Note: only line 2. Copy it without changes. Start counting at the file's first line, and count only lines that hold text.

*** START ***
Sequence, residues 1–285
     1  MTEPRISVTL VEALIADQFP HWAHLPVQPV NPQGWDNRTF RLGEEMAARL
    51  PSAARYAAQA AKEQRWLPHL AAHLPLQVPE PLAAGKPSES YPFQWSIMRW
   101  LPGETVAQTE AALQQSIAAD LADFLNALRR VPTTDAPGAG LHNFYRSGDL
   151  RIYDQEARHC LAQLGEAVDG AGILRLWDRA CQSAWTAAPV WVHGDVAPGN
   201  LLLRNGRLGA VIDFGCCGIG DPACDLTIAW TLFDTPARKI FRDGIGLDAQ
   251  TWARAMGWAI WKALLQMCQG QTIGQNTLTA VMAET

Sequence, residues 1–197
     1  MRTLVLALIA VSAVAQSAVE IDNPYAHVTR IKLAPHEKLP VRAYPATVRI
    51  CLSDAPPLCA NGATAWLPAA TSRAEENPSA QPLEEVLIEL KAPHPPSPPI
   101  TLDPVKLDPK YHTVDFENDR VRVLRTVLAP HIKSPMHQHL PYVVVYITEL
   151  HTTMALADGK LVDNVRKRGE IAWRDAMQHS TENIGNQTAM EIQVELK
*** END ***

     1  MTEPRISVTL VEALIADQFP HWAHLPVQPV NPQGWDNRTF RLGEEMAARL